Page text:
We as Americans and Christians are allowed to pray as much as wewant as long as we do it in church.We can also pray in public places as long as there are no complaints.If there are complaints we can still pray but not out loud.For instance, an opinion article in the State Press spoke of the Virginia Military Institute which had been praying before meals for more than 40 years.Because of the complaints of two cadets the American Civil Liberties Union got involved and now the school is being ordered to discontinue the reading of a pre-meal, non-denominational prayer.Rosie McSweeney, the columnist, writes: “I don’t know if I’d want to be those cadets who complained.Think about it:They’re responsible for taking God off of a 40-year-long invitation list.”According to McSweeney “God has grown accustomed to getting the shaft” (McSweeney, Pg5).
There are people who feel that Christian prayers in the public schools is a way to expose minor children to religion behind their parents’ back and without permission.They feel that it drives a wedge between children and parents, using religion as the driving force.The group that I am speaking of is atheists.They feel that prayer in public schools is an attempt to prey on the immature minds of young children.As far as the problems with violence at schools since prayer was removed American Atheists feel:
“Prayer is being promoted as a ‘feel good’ quickie-fix to complex problems. The answer to problems might well involve doing other things—emphasize science and math to prepare kids for the next century, smaller class sizes, perhaps even better pay for over-worked teachers.”Often, these programs cost money and take time.They are not the ‘instant solution’ which the prayer-in-school boosters offer. (American Atheists, para. 26).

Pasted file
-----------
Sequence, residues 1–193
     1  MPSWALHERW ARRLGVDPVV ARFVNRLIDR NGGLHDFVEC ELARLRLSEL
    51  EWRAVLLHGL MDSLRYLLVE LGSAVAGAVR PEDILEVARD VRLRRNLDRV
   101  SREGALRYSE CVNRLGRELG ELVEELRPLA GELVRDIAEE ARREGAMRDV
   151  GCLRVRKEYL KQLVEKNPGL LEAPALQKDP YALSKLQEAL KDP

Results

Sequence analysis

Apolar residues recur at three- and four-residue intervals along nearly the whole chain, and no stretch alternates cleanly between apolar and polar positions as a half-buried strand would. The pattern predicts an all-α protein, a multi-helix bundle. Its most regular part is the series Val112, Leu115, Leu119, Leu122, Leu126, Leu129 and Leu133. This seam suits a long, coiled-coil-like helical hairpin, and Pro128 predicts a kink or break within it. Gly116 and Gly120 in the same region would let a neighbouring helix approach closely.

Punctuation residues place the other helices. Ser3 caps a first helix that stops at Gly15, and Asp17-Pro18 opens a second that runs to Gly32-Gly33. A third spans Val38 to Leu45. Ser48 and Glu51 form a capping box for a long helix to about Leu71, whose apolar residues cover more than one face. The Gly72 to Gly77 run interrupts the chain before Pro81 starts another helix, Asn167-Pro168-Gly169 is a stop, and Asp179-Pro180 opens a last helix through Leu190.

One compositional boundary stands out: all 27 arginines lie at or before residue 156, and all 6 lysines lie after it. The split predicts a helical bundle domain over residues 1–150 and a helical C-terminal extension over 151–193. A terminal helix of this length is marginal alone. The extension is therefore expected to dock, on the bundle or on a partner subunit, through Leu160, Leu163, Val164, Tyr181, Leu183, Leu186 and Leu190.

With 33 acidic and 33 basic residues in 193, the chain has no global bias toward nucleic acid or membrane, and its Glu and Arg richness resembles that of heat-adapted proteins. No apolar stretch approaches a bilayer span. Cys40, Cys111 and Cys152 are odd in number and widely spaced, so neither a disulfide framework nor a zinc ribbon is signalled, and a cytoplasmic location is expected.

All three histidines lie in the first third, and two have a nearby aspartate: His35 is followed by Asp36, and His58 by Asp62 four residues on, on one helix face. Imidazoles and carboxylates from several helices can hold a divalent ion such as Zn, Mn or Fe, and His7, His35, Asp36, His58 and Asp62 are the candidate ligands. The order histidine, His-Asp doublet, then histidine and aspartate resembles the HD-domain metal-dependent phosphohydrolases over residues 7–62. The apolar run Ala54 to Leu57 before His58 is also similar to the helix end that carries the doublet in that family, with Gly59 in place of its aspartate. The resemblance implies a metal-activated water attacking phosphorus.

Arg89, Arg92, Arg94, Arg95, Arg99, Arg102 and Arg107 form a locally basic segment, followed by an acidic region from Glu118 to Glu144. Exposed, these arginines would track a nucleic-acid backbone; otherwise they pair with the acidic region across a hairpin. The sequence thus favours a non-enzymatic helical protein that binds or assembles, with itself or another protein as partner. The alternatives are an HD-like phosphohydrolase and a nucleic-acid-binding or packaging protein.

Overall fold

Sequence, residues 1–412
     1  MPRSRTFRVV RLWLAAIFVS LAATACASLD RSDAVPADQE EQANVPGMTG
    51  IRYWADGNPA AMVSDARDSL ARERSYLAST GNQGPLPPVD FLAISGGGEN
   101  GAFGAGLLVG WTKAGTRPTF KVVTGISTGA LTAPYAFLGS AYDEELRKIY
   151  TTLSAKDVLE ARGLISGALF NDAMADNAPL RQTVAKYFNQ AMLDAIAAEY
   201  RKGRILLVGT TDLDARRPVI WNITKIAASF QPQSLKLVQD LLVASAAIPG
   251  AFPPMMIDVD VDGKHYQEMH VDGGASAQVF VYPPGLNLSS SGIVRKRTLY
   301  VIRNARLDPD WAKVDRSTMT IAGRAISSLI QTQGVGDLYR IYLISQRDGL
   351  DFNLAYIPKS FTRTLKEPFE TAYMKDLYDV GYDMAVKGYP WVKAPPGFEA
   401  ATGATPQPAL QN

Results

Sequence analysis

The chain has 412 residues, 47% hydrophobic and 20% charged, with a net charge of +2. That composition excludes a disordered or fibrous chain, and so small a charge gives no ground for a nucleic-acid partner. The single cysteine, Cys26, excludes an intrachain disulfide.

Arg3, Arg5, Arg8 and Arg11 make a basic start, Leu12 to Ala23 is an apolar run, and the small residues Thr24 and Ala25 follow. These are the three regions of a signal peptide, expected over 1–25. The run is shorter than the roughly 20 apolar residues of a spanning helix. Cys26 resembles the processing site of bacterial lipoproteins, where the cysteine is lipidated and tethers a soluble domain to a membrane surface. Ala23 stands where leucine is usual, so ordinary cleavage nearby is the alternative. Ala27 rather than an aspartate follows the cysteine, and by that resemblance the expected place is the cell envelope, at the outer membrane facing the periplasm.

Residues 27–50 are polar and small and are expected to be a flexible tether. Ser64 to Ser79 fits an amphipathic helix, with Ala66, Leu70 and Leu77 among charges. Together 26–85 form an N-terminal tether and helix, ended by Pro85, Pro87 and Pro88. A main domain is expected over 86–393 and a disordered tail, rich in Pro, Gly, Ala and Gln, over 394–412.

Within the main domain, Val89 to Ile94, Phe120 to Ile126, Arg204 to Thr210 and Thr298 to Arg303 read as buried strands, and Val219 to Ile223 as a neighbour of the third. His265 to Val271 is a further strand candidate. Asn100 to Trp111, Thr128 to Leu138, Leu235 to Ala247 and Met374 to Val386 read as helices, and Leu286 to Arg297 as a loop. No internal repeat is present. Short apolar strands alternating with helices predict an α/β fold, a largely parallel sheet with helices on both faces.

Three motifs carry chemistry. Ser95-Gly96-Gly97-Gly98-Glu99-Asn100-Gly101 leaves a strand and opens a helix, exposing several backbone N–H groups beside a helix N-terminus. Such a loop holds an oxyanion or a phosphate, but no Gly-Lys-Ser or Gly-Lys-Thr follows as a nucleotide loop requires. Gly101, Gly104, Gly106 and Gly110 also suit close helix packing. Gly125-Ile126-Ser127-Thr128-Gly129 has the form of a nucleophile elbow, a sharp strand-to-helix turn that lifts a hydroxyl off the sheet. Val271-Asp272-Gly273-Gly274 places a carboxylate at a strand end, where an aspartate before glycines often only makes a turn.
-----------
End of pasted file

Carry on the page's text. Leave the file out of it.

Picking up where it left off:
Yet in a recent news report there was an announcement that a detective of one police force in New York City said the murder rate dropped from 2600 to 600 in the last 10 years due to round the clock prayer and a mayor that God placed there (“News Report”).Therefore, the American Atheists stance that prayer is futile is erroneous.
We ask where God is when tragic things happen in our lives like September 11, 2001.If we as a country do not allow God to be in our lives on a daily basis it will seem as if He is not there when we need Him the most.My God is an all-loving, all-forgiving entity that only wants the best for us.
issue is something that will be debated until the end of time.There
will always be two sides to whether prayer is beneficial in our schools
or if it is a waste of time and a “quick fix” to problems that can be repairs
in other ways.Although this is
not a complete draft of both sides of the debate I do try to give a few
points from each side.So until the
next person decides to tackle on this issue for a paper, the debate continues…
American Atheists.“FAQ’s About Prayer In Schools.”
<http://www.atheists.org/schoolhouse/faqs.prayer.html>.Jan. 28, 2002
Bergel, Gary.“Banning Prayer in Public Schools Has Led to American’s Demise.”
McSweeney, Rosie. “ACLU bands God, the devil, and fun.”State PressMonday,
Jan. 28, 2002: page 5.
Miller, Harland.“The Writing is Not on the Wall.”
<http://www.ehope.com/writing.html>.LaVale Christian Center.Feb. 5, 2002
“News Report.” KLOVE, Prescott.2 Feb. 2002.